I remember being told in an essay skills class for my course that if I was struggling with referencing, I should ask my parents for help because they would have referenced when they were at University. I left the class in tears, feeling alone and out of my depth. I wish I had known then that support was available to help with things like that and that I wasn’t disadvantaged in my essays because I was a first-generation student. The library has a wealth of support available to help with academic skills, including subject-specific academic support librarians and online resources.

The opportunity to gain new skills is all around you, so take advantage of it...

When I neared graduation, I approached looking for graduate jobs with a pit in my stomach. Graduation felt like a cliff edge, and I worried I didn’t have the skills and experience employers were looking for. I wish I had known then that the skills I had built at Warwick and the experiences I had by just making the most of student life would be the critical factor in securing my first graduate job. Part-time work, such as through Unitemps or the Warwick Welcome Service, looked great on my CV because it demonstrated my ability to juggle competing demands and my determination to succeed. My role on a society executive committee formed a key component of the experience I spoke about during interviews and proved leadership, governance, and project management experience. I brought things to the table that were attractive to employers by being authentically myself.  

Warwick students and alumni are your network – you don’t need family connections to go far...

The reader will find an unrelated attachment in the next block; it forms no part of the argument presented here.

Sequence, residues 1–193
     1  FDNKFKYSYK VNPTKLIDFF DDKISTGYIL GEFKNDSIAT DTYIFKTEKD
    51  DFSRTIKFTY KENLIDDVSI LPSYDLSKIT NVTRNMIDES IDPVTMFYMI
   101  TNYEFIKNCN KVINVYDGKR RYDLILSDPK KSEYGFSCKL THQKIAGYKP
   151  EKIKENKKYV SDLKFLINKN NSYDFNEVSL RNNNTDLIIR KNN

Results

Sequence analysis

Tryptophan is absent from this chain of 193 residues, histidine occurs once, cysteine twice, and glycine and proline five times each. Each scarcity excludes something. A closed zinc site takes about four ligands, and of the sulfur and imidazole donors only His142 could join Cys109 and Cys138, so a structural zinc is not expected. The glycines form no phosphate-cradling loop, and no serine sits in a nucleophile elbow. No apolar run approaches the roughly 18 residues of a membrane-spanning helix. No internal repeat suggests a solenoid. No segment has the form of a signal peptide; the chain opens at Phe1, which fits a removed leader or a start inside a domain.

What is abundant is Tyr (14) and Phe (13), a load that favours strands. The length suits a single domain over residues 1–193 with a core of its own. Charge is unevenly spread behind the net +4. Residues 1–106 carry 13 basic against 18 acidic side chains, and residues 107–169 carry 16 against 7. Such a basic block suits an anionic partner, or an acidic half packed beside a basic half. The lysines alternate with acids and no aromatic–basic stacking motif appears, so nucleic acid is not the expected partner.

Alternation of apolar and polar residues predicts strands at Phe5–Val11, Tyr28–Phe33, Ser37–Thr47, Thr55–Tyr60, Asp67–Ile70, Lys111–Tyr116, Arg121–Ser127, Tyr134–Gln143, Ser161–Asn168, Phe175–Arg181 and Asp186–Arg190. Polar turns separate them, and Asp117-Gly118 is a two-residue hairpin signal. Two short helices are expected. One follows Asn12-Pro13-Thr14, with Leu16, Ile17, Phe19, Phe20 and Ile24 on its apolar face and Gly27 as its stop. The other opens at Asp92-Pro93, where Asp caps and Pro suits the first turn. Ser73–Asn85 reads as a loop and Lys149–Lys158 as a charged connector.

I constantly contended with a worry about not having connections. Hearing the phrase, ‘It’s not what you know, it’s who you know,’ and seeing friends secure holiday internships through family connections in big industries made me feel like I was starting my graduate life less equipped than my peers. The powerful thing I have learned since then is that I did have a network already and that the alumni and current students at Warwick are a resource I can pull from throughout the rest of my career.     

Toward the end of my time at Warwick, I used the valuable resources available through the Careers team. This support was a real safety net that helped me to navigate the transition from student to graduate life. I secured a role on a competitive graduate scheme in the industry I wanted, utilising their support.  

Your voice matters; you can leave Warwick as a better place than you found it...

Your voice can make a difference

My time at Warwick as a student from a widening participation background was wonderful, but it also met with its fair share of roadblocks, as you have read. At the start of my degree, I held a mindset that ‘this is just the way things are’. I wish I had known sooner that my voice and experiences were important and valuable and that I could play a part in influencing change for the better. I wanted future students to be less likely to experience the same problems that I had. Becoming involved in the Students Union by becoming a course rep allowed me to start using my voice to effect change. Every student’s unique experiences are important and valuable, so use yours at every chance.

If I could do my time as a student again, I would have tried to be more confident in myself and assured of belonging to the Warwick community. I’d have taken advantage of every opportunity and resource I could, knowing it was okay to take up space and ask for help.

A final advice to any Warwick student is to stop to smell the roses. You’ve made it here! That’s such an incredible achievement, and your time will fly by. Make sure you take enough time to enjoy your time and make memories for your future self.